This week I'll continue my thoughts on repetition with toddlers.
We all know that you have to tell toddlers things a million times before they "get" it. And that may be because it takes a million times for a certain lesson to kick in, or because they actively choose to ignore you 999,999 times before deciding to obey. Huh.
Deep down, I know that repetition is the name of the game at this stage in Syd's (and soon Lorelei's) development, which is why I try not to let it annoy/exhaust/get the best of me.
Every now and then Sydney dangles the proverbial carrot in front of me, reminding me that the repetition is paying off. Like I said last week, I often expect instant results, but must remember to be patient, because patience is what really pays off when we're dealing with
Here's one small example of how I know that Sydney is listening to what we say. A few months ago we started practicing with her how to answer questions from "strangers" (not strangers in a creepy way, just people other than us). Specifically, "What's your name?" (Sydney), "How old are you?" (2-years old), and "How are you doing?" (I'm well!).
At first she would give whichever answer she wanted to the question we asked, mixing them up differently each time. It exasperated me, because she would just act silly during these "social training" sessions (now that sounds creepy), and I wanted her to learn the lesson so we could move on to bigger and better things. She exasperated me so much I decided to drop the whole thing.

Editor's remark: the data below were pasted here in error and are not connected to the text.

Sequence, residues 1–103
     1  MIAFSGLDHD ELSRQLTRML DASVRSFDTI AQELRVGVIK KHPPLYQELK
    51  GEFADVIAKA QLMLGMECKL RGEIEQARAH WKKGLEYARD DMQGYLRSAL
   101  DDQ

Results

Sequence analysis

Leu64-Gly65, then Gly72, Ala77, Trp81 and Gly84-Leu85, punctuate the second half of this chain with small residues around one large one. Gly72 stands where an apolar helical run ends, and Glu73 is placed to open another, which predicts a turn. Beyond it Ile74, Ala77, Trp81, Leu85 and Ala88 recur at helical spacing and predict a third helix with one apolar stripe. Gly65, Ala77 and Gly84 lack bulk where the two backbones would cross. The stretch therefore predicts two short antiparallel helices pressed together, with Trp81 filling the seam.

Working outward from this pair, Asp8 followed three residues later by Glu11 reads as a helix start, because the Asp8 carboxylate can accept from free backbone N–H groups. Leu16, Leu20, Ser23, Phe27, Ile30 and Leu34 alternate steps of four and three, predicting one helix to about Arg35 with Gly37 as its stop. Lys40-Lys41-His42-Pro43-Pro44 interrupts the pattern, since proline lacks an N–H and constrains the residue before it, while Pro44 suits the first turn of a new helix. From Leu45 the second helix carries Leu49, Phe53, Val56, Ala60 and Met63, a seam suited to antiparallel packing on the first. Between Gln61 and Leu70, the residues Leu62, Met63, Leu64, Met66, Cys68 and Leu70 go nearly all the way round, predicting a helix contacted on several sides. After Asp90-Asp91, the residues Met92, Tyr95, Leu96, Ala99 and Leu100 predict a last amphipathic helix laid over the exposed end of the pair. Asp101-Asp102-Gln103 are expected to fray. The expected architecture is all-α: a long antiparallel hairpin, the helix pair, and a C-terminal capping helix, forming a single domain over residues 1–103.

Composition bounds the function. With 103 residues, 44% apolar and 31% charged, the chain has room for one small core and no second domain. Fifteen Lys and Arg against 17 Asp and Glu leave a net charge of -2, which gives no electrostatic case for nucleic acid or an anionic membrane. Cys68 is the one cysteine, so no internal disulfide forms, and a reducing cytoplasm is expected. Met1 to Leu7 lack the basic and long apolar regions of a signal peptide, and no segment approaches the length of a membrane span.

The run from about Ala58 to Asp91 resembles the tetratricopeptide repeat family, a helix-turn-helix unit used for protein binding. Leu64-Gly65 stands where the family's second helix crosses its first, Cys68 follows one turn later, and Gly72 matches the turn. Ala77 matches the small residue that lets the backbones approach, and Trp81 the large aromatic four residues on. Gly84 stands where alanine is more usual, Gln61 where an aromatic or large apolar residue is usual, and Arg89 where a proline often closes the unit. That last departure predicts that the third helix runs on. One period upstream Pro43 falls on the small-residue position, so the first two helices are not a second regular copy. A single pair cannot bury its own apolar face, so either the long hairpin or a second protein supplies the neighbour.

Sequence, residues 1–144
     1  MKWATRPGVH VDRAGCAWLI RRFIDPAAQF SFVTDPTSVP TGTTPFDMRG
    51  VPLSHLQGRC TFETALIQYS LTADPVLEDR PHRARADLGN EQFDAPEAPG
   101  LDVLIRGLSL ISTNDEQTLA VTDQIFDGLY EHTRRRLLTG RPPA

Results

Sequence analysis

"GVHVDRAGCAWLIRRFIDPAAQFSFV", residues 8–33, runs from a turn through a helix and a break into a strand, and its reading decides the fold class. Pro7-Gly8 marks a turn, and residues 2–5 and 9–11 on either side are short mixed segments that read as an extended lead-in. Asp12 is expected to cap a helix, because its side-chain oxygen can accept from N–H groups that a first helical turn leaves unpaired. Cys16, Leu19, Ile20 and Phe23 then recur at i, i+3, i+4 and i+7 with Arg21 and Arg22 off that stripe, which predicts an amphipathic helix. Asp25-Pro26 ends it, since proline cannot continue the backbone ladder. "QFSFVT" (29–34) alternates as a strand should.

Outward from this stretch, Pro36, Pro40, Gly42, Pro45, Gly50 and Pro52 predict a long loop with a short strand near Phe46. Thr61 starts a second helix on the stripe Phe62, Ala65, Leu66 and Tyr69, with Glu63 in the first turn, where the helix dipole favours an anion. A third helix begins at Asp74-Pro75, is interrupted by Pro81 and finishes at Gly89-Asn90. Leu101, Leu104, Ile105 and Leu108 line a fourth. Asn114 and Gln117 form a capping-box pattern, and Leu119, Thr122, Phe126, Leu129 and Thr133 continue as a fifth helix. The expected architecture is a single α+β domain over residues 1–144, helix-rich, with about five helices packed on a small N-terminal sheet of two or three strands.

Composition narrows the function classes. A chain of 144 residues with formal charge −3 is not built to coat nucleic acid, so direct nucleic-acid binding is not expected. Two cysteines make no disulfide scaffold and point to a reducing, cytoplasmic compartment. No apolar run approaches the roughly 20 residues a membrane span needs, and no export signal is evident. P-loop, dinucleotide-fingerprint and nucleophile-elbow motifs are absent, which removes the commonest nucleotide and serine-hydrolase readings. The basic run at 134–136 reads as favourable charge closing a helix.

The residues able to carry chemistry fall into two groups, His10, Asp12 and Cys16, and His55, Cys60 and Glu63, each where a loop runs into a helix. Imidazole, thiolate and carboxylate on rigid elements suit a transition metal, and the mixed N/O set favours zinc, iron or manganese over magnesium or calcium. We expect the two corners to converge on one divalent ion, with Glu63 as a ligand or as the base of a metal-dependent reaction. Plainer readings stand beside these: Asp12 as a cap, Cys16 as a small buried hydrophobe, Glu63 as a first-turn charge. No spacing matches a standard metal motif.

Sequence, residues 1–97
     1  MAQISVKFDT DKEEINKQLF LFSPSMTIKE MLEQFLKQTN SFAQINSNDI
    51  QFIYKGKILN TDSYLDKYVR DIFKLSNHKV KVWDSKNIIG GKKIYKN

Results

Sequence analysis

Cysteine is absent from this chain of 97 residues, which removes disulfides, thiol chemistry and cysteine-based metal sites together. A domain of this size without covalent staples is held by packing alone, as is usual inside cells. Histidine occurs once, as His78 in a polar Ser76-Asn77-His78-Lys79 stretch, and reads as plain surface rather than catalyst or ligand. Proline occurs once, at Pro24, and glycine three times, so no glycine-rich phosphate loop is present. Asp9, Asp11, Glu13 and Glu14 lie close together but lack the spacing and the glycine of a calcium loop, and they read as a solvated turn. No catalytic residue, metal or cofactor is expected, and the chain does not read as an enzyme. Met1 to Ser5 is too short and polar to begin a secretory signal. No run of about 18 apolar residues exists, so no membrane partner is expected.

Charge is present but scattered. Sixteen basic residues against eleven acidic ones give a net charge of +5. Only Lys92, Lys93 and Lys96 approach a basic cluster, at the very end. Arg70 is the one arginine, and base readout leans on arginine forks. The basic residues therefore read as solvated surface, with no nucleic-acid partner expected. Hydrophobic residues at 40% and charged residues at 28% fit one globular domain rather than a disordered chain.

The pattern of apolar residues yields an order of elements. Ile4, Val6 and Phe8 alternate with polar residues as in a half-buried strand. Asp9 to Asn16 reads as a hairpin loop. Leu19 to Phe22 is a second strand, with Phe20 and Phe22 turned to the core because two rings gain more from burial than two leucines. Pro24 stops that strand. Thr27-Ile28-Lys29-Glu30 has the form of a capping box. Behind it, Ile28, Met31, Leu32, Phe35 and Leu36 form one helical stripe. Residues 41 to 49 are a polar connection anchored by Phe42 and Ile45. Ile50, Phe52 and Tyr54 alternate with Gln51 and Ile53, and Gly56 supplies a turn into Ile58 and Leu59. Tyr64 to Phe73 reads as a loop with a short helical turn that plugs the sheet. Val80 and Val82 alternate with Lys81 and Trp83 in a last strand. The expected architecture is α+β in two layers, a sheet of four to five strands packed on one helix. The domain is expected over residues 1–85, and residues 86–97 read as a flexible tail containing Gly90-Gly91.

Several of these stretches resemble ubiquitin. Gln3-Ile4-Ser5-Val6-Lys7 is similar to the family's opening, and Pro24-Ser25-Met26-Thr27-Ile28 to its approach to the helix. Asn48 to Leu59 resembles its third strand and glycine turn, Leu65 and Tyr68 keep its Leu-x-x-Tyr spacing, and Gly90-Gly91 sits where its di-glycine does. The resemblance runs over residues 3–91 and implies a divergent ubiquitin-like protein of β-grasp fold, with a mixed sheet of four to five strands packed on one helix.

I'm not sure how much time passed (a few days? a couple of weeks?) before I decided to readdress the lesson, but this time she answered all three questions perfectly. Huh. So she was listening. And what I said did sink in (despite the fact that I "gave up" on her). That made me feel like kinda jerky, so I resolved not to be so hard on her.
These days she's the one asking the questions. She loves asking people (and asking me...over and over and over again, all day long), "What's your name?" And then she loves getting asked the same question so she can tell people her name (she gives her full name now...first, middle, and last). She also knows all of our full names (except she calls me Ashley Ann instead of Ashley Nicole). When she asks Chet his name, he always says, "Daddy." She says, "No, your name is Chester John!" It's pretty hilarious and fun. I shouldn't have been such a slave driver when we started this little lesson, because, obviously, everything turned out just fine.
By the way, when asked, "How are you doing?", her reply is, "I'm well!" Except, instead of "well" she says, "welf." Ha!
|At the Children's Museum|
|She likes to bring me flowers.|